A tale of two commitments: equilibrium default and temptation
I construct the life-cycle model with equilibrium default and preferences featuring temptation and self-control. The model provides quantitatively similar answers to positive questions such as the causes of the observed rise in debt and bankruptcies and macroeconomic implications of the 2005 bankruptcy reform, as the standard model without temptation. However, the temptation model provides contrasting welfare implications, because of overborrowing when the borrowing constraint is relaxed. Specifically, the 2005 bankruptcy reform has an overall negative welfare effect, according to the temptation model, while the effect is positive in the no-temptation model. As for the optimal default punishment, welfare of the agents without temptation is maximized when defaulting results in severe punishment, which provides a strong commitment to repaying and thus a lower default premium. On the other hand, welfare of agents with temptation is maximized when weak punishment leads to a tight borrowing constraint, which provides a commitment against overborrowing.
|Date of creation:||11 Dec 2013|
|Date of revision:|
|Contact details of provider:|| Postal: 10 Independence Mall, Philadelphia, PA 19106-1574|
Web page: http://www.philadelphiafed.org/
More information through EDIRC
|Order Information:|| Web: http://www.phil.frb.org/econ/wps/index.html Email: |
Please report citation or reference errors to , or , if you are the registered author of the cited work, log in to your RePEc Author Service profile, click on "citations" and make appropriate adjustments.:
- Jonathan Heathcote, 2003.
"The Macroeconomic Implications of Rising Wage Inequality in the United States,"
gueconwpa~03-03-19, Georgetown University, Department of Economics.
- Jonathan Heathcote & Kjetil Storesletten & Giovanni L. Violante, 2010. "The Macroeconomic Implications of Rising Wage Inequality in the United States," Journal of Political Economy, University of Chicago Press, vol. 118(4), pages 681-722, 08.
- Jonathan Heathcote & Kjetil Storesletten & Giovanni L. Violante, 2008. "The Macroeconomic Implications of Rising Wage Inequality in the United States," NBER Working Papers 14052, National Bureau of Economic Research, Inc.
- Benjamin A. Malin, 2005.
"Hyperbolic Discounting and Uniform Savings Floor,"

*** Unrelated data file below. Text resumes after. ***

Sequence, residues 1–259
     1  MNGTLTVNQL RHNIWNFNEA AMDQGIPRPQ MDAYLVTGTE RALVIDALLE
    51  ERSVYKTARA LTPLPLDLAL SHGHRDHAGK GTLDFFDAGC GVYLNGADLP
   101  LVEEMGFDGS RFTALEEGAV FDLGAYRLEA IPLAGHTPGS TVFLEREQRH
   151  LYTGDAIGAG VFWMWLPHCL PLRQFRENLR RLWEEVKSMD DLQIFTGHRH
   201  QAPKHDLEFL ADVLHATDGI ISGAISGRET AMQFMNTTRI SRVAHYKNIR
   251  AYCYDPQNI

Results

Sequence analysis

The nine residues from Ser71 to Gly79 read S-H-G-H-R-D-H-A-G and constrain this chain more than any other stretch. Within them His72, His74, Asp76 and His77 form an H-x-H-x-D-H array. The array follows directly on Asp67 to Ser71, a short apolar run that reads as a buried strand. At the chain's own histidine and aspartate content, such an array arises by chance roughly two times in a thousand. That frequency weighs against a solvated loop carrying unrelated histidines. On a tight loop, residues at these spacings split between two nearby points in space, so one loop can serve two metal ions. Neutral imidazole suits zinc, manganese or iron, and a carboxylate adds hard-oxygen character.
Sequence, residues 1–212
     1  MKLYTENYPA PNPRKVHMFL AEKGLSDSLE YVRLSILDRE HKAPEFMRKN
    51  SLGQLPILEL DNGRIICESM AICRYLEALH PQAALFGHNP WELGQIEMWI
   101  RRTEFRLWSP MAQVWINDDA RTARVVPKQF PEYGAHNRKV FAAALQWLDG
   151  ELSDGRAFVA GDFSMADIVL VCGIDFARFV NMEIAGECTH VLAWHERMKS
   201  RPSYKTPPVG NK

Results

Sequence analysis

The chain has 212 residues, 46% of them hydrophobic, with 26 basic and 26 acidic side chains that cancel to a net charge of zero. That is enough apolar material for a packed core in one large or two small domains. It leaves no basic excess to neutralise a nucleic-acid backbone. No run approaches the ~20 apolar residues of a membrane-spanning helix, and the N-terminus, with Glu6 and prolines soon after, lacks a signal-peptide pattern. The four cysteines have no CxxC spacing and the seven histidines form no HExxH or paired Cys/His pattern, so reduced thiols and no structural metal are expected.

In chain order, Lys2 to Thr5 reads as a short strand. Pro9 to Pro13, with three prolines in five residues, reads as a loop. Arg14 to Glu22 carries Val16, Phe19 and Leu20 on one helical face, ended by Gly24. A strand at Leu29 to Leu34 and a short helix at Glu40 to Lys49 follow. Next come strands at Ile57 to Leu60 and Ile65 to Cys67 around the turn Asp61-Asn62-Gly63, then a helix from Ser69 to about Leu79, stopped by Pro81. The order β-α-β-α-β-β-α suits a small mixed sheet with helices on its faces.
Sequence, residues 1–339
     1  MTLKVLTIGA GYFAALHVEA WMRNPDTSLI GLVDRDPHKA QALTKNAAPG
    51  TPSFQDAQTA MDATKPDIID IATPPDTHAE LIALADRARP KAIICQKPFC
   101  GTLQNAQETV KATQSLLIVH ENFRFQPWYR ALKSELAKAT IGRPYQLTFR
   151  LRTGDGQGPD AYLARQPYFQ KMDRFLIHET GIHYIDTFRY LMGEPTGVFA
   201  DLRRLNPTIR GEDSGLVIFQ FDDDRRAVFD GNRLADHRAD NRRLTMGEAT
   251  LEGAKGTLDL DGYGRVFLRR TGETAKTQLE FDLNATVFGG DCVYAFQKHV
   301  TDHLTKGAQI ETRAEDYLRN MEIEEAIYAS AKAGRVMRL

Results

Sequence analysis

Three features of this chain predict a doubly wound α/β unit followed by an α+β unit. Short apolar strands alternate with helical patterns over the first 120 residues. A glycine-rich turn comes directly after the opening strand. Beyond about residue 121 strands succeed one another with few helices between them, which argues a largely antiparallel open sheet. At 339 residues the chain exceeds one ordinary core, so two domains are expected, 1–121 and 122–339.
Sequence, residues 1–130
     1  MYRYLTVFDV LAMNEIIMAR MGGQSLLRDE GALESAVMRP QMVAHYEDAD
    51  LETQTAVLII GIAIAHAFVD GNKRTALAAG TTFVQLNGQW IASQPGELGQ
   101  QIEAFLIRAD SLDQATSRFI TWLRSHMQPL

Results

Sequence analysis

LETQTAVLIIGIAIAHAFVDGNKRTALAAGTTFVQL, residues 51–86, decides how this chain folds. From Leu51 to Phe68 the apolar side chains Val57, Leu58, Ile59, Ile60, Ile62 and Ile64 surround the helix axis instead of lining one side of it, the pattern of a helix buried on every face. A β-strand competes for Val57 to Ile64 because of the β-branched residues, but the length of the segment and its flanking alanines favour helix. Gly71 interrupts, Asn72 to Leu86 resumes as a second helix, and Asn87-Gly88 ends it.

04-034, Stanford Institute for Economic Policy Research.
- Attanasio, Orazio P & Weber, Guglielmo, 1995.
"Is Consumption Growth Consistent with Intertemporal Optimization? Evidence from the Consumer Expenditure Survey,"
Journal of Political Economy,
University of Chicago Press, vol. 103(6), pages 1121-57, December.
- Orazio P. Attanasio & Guglielmo Weber, 1994. "Is Consumption Growth Consistent with Intertemporal Optimization? Evidence from the Consumer Expenditure Survey," NBER Working Papers 4795, National Bureau of Economic Research, Inc.
- Robert J. Barro, 1999. "Ramsey Meets Laibson in the Neoclassical Growth Model," The Quarterly Journal of Economics, Oxford University Press, vol. 114(4), pages 1125-1152.
- Michelle J. White, 2007. "Bankruptcy Reform and Credit Cards," Journal of Economic Perspectives, American Economic Association, vol. 21(4), pages 175-200, Fall.
- Michelle J. White, 2007. "Bankruptcy Reform and Credit Cards," NBER Working Papers 13265, National Bureau of Economic Research, Inc.
- R. A. Pollak, 1968. "Consistent Planning," Review of Economic Studies, Oxford University Press, vol. 35(2), pages 201-208.
When requesting a correction, please mention this item's handle: RePEc:fip:fedpwp:14-1. See general information about how to correct material in RePEc.
For technical questions regarding this item, or to correct its authors, title, abstract, bibliographic or download information, contact: (Beth Paul)
If references are entirely missing, you can add them using this form.